Bill Gives Public Waters to Fish Farming
Two lawmakers proposing it got donations from fish farming industry.
Restaurants, fish farms, and grocery store owners are among the interests backing a GOP bill that would loosen regulations and allow the state to provide public resources to private fish farms.
The measure, Senate Bill 95, is similar to one that was introduced last year and failed to get legislative approval. The current bill would:
Allow the state to contract to provide fish or fish eggs to privately owned ponds, clubs, corporations or preserves;
Create a sales tax exemption for farm-raised fish that are sold to fish farms registered with the state;
Expand the bodies of water where fish farms can be built;
Exempt man-made ponds, wetlands, and roads on fish farms from state permits;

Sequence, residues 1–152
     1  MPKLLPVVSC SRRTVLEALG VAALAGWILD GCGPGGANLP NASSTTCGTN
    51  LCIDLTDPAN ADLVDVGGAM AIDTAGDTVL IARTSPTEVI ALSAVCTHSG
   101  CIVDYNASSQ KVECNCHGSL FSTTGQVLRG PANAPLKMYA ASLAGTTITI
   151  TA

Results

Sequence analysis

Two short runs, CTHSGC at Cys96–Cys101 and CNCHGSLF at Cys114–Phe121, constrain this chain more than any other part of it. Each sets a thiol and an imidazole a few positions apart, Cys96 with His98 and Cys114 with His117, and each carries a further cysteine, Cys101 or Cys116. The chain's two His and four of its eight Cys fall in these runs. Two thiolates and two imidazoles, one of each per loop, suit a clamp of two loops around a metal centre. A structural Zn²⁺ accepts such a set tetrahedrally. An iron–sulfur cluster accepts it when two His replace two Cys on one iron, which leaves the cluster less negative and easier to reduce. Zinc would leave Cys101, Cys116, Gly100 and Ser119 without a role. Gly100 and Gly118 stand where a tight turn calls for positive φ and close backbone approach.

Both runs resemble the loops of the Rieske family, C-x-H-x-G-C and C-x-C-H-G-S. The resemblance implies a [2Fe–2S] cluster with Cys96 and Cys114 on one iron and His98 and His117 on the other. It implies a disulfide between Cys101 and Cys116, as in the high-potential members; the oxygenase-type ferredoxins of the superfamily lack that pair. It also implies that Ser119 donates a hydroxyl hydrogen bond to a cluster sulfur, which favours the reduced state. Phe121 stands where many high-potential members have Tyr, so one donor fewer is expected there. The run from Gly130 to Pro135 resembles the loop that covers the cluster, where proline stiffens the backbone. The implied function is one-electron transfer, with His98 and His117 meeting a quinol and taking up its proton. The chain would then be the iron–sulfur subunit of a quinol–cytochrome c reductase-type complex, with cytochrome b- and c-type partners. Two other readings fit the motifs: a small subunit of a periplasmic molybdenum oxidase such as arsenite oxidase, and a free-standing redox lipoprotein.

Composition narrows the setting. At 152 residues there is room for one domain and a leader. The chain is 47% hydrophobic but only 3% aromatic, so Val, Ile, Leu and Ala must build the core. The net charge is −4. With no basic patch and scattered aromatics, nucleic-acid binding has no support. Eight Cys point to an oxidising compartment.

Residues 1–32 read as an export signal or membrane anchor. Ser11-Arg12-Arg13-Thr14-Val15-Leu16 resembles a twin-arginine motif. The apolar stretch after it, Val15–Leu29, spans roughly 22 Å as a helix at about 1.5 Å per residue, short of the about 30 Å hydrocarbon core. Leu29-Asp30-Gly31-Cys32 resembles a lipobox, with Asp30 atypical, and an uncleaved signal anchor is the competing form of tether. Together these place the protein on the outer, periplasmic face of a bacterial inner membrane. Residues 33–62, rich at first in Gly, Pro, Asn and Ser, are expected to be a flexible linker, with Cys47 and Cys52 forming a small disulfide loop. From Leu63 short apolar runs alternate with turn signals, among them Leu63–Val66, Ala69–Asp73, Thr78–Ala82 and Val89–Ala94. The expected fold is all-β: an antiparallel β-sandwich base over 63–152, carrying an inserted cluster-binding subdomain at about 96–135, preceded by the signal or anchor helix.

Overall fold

Exempt the Silver Moon Springs fish farm in Langlade County from allowing at least 25 percent of the natural low flow of water to pass through its dam.
The bill drew red flags from Midwest Environmental Advocates, which called it a “giveaway of public resources to private industry.”
Tiffany received about $32,900 and Felzkowski received about $10,300 from grocers, restaurants, and fish farm owners between January 2011 and December 2016.
Tiffany’s top contributors among these three special interest groups were Trygve and Tula Solberg, of Minocqua, owners of Trig’s grocery, $6,350; James Augustyn, of Antigo, owner of James Augustyn Springs fish farm, $2,450; and Paul Nelson, of Tomahawk, owner of Nelson’s Supermarket, $2,000. Tiffany also received a $1,000 contribution from Tim and Brigitte Winkel, of Elton, owners of Silver Moon Springs.
Felzkowski’s top contributors among these three special interest groups was also Nelson, who contributed $1,700, and James and Jessie Augustyn, who gave her $1,350. Felzkowski also received a $500 contribution from Tim Winkel.